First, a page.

Radiant Cut Diamond

Description of Radiant Cut Diamonds

The radiant cut, like the princess cut, uses facets to bring out the diamond’s sparkle and winds up with brilliance similar to a round cut diamond. The extra facets are planes set under and around the diamond. However, the overall shape is more similar to the emerald cut or Asscher cut—meaning square or rectangular—so it is important to take note of the diamond’s length and width so you will know how it will actually appear. The actual ratio of the diamond’s length and width can also help you decide whether to use four or six prongs in the setting.

The element that differentiates the radiant cut from the princes cut is the trimmed corners. The trimming helps protect the diamond from accidental chipping of the corners.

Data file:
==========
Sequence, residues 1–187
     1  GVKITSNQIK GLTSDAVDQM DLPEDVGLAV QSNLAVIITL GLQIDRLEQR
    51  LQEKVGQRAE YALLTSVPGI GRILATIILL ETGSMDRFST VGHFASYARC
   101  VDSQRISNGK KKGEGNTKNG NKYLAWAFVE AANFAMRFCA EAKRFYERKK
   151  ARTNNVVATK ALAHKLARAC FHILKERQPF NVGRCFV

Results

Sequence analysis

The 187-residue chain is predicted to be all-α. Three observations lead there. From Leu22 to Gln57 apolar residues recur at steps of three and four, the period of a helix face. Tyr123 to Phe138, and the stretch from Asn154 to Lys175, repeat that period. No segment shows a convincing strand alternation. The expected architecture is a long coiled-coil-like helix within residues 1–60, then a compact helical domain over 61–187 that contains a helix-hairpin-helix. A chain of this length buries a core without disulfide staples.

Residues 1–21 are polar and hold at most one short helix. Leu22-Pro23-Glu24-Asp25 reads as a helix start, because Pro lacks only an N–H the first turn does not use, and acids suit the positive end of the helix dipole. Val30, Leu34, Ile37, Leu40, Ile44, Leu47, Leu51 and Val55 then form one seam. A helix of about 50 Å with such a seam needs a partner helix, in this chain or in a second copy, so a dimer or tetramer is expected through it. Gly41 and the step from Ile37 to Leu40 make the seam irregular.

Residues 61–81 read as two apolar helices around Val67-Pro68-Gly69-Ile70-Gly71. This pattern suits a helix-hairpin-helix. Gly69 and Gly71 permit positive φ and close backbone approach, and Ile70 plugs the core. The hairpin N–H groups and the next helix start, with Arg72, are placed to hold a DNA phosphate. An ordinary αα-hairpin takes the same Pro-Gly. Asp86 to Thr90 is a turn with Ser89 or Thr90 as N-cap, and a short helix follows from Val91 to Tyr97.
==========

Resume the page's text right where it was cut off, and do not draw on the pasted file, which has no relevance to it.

History of Radiant Cut Diamonds

Henry Grossbard, a holocaust survivor, learned jewel cutting from a cousin after Grossbard’s family immigrated to New York. He developed the radiant cut after 30 years as a master diamond cutter. In the 1970s, emerald cuts were out of style, presumably since they did not offer the sparkle of round brilliant diamonds. However, Grossbard liked the emerald cut shape, so he determined to create a design that brought sparkle to a square or rectangular diamond. In 1977, he unveiled such a diamond, with his radiant cut.

Celebrities Wearing Radiant Cut Diamond Rings

Jennifer Lopez (pink 6-carat, engagement to Ben Affleck).

Trivia for Radiant Cut Diamonds

  • The GIA refers to radiant cut diamonds—and some others—as “cut corner rectangular modified brilliant” and “cut corner square modified brilliant.”